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Active Immunotherapy

       
  ° Cancer Vaccines  
   
     
> Limitations of Cancer Vaccines  
     
 
  ° Cellular Therapies  
   
     
> Limitations of Cellular Therapies  
     
 
  ° Adjuvants  
   
     
> Limitations of Adjuvant Immunotherapies  
     
 

Cancer Vaccines

Preventative vaccines, like those that protect against viruses or the flu, are given before a person becomes sick.  In recent years, scientists have been attempting to develop therapeutic vaccines, with the first successful prostate cancer vaccine called Provenge approved in 2010 by the US FDA.  In contrast to preventive vaccines the therapeutic cancer vaccines are given to a person who already has the disease. Therapeutic cancer vaccines are designed to treat cancer by boosting the immune system to fight against the cancer.

Cancer vaccines are active immunotherapies because they are meant to trigger the patient's immune system to respond. Cancer vaccines are targeted because they do not just boost the immune system in general, but because they cause the immune system to attack the cancer cells, honing in on one or more specific tumor antigens.

  o Examples of Cancer vaccines include: Tumor cell vaccines, Antigen Vaccines, Dendritic cell vaccines (Provenge), Anti-idiotype vaccines, DNA vaccines, Vector-based vaccines.  

A cancer vaccine may contain cancer cells, parts of cells, or purified tumor-specific antigens and is designed to increase the targeted immune response against cancer cells already present in the patient. A cancer vaccine may be combined with other substances or cells called adjuvants that help boost the immune response even further.

Cancer vaccines generally fall into two categories: a) cell-based cancer vaccines, which are created using cells from the patient's own cancer that have been presented to and cultured with the patient's own immune system cells.  These activated immune cells from the patient are delivered back to the same patient with other proteins (e.g., IL-2) to further facilitate immune activation of these tumor antigen primed immune cells; and b) vector-based cancer vaccines in which an engineered virus, or other vector, is used to introduce cancer specific proteins and other molecules to the patient in order to stimulate the patient's immune system to recognize the tumor cells and fight the cancer.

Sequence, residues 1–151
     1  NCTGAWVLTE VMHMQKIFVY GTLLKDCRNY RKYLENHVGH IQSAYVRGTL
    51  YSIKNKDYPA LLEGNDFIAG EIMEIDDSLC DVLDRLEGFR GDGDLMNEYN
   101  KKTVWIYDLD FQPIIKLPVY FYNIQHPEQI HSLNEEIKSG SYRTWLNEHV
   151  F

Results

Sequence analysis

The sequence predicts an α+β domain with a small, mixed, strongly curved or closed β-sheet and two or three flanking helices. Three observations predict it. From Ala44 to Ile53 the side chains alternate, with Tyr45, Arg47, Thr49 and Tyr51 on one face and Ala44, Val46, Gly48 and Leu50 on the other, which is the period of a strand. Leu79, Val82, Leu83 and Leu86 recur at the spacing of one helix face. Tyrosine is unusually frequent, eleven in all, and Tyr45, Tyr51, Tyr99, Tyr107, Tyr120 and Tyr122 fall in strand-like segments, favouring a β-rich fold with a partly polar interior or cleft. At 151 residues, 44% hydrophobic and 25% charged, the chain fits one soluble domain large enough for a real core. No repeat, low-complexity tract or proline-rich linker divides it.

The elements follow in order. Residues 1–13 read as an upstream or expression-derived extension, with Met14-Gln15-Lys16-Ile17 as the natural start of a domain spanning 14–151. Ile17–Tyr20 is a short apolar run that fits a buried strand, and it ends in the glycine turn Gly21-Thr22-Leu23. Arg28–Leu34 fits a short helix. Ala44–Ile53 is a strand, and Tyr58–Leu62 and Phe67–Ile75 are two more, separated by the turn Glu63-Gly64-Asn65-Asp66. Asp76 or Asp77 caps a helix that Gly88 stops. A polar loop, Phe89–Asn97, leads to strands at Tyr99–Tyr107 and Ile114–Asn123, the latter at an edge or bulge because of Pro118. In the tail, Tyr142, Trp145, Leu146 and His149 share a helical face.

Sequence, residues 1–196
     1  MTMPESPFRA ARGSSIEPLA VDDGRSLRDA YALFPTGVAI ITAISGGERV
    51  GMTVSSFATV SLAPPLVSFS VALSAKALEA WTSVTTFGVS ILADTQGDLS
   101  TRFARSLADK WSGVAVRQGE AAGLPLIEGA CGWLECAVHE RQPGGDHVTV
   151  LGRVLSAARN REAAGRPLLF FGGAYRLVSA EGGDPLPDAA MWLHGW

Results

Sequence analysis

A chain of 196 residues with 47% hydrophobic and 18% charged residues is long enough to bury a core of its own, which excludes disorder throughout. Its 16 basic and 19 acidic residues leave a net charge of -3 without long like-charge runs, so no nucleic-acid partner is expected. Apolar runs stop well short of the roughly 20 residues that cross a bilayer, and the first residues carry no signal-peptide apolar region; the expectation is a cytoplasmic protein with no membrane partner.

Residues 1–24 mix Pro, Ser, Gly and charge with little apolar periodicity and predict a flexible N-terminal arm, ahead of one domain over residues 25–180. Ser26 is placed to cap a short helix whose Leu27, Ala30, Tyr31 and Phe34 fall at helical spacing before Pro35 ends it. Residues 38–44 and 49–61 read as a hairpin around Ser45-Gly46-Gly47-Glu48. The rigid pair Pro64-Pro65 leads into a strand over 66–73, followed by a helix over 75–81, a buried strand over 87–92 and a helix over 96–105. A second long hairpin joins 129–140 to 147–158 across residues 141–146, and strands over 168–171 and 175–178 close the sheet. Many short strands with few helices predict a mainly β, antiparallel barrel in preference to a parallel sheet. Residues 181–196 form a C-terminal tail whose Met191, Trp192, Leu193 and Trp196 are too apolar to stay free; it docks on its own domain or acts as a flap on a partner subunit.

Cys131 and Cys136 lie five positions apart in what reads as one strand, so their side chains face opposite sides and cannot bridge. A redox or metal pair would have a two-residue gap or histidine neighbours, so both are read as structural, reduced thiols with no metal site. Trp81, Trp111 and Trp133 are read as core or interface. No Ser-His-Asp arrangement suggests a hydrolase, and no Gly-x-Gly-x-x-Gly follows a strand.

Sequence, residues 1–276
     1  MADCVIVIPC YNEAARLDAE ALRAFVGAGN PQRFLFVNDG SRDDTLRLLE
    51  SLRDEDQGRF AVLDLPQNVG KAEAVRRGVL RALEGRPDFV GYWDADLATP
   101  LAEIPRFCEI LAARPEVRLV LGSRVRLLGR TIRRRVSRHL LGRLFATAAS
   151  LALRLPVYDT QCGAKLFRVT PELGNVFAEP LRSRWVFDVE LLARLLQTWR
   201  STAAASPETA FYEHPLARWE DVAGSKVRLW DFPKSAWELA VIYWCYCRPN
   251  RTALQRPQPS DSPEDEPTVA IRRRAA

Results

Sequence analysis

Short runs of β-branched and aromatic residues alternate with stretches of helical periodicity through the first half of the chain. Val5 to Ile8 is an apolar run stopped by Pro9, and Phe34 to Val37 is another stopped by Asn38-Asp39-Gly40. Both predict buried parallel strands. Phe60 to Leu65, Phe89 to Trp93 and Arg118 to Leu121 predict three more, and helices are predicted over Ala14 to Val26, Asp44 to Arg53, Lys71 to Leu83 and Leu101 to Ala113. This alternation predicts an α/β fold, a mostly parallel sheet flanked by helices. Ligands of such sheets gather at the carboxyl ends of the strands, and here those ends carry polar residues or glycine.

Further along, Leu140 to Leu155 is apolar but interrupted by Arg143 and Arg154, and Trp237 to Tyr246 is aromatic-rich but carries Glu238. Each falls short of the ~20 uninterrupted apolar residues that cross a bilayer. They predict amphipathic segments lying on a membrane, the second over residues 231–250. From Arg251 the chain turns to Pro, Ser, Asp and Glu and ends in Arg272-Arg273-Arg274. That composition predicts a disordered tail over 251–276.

Both approaches are designed to stimulate the patient's own immune system to attack tumor cells.

       
   
  Limitations of Cancer Vaccines:
 
   
       
  o Today, most cancer vaccines are targeted; i.e. made against a specific tumor cell antigenic target. The limitations of targeted vaccines are very similar to the limitations of other targeted therapies like mAbs; i.e. not all patients' antigens are the same and tumor cells and their antigens mutate. In other words, when the targets change, the targeted vaccine becomes ineffective.  
       
  o Not all antigens are the same; All cancers may "look" the same, but they are not. Not all patients' cancers may express the antigen against which a specific vaccine is targeted. Response rates in general to "targeted therapies" appear to be around 20 to 30 percent. To optimize this type of therapy it will be necessary to identify each subgroup of patients with a specific cancer and develop therapies targeted to, or directed specifically at, their individual cancer.  
       
  o Tumor cells mutate as a result of chemotherapy and radiation treatment, and therefore the target antigens on the tumor cells at which the therapy is aimed, also changes. If the target changes, then the vaccines, which target those specific antigens, become ineffective.  
       
 
   
  Other vaccine limitations:
 
   
       
  o